I once had a professor in automotive history (German universities rule) who said that there is no new technology in the automotive world. Everything has been tried before, probably by some obscure French company that built four cars back in 1897.
For instance, you would think that automotive charging stations are a very new idea, given how much Tesla talks about their superchargers. In fact General Electric had their own electric "electrants." They were like little fire hydrants or call boxes that electric vehicles could plug into and charge up. GE sold them to central stations and some were set up around major US cities in 1899 . The problem was that there was no standardized plug for EVs back then (just as there isn't now), and Michael Schiffer's Taking Charge states that not even half of the EVs of 1900 could plug into the electrants. What's funny is that over 110 years later there is still no standard plug for electric cars.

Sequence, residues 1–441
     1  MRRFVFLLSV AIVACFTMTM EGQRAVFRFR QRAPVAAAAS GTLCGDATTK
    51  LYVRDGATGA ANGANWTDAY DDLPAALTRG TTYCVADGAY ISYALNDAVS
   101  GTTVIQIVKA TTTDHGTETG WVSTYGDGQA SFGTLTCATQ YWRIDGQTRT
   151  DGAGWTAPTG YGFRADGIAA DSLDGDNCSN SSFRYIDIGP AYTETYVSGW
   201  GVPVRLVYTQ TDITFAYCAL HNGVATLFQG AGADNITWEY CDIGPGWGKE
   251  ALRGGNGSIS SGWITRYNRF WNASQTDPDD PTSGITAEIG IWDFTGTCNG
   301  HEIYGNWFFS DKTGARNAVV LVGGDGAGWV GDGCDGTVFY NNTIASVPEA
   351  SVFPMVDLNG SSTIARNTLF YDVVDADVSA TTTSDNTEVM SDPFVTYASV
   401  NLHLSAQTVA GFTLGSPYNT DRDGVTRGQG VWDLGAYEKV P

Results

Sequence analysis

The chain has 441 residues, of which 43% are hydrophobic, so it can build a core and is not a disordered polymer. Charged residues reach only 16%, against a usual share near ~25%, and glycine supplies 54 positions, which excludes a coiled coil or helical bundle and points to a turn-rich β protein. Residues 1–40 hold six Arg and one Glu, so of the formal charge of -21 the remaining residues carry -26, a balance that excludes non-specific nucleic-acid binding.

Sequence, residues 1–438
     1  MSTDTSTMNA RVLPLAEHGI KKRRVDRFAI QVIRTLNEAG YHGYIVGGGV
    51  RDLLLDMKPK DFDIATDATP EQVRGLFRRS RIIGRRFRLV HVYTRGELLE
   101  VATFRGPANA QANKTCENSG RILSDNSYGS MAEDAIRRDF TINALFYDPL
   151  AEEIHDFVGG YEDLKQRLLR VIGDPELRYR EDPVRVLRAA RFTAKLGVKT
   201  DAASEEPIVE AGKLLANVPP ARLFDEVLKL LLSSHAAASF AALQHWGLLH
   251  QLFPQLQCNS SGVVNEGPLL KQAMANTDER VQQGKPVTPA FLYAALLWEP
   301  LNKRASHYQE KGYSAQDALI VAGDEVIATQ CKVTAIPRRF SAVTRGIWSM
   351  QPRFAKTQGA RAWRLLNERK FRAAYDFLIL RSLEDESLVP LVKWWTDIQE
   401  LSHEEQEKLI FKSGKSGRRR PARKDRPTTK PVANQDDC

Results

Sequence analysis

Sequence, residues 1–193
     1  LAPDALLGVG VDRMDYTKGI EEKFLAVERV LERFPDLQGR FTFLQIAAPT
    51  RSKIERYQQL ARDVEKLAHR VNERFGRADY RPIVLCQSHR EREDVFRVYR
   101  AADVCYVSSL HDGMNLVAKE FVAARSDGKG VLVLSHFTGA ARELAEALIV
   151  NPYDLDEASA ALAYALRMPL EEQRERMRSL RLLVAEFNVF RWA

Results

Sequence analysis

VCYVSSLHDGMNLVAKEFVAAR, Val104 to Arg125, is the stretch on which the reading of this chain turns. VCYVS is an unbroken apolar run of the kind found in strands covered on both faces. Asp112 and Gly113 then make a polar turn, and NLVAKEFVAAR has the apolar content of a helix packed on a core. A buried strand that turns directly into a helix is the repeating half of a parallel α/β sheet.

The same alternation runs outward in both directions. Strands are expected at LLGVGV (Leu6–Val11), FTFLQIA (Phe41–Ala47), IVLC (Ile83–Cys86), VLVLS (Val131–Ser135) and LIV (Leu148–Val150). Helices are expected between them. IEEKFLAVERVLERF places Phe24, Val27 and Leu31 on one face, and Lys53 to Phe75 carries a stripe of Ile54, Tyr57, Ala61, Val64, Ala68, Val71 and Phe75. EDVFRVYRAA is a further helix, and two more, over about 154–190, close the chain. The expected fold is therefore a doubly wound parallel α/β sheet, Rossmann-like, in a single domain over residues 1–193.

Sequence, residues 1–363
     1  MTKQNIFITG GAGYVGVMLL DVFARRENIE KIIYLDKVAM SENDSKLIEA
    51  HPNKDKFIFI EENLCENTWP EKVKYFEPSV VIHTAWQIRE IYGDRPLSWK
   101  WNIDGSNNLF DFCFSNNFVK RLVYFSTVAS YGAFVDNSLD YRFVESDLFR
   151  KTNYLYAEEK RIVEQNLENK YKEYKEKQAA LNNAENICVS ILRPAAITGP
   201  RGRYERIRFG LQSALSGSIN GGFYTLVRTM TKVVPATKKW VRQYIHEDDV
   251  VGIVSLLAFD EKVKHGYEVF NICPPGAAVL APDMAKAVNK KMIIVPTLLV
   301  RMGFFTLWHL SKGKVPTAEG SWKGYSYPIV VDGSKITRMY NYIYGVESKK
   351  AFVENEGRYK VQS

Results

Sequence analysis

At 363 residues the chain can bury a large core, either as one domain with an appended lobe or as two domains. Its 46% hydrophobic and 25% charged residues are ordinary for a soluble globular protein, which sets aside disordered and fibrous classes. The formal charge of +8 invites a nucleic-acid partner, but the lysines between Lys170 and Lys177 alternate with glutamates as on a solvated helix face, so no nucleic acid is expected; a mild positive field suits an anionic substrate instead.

By the mid 1910s, GE decided that they weren't successful, so they scrapped the program. Hopefully the same thing doesn't happen to Tesla.
What other automotive technology is touted as sparkly fresh and new, when it's really quite old?
Photo Credit: 1914 electrant pictured in Electrical World, 1915 via the Electrical Vehicle Association of Greater Washington, DC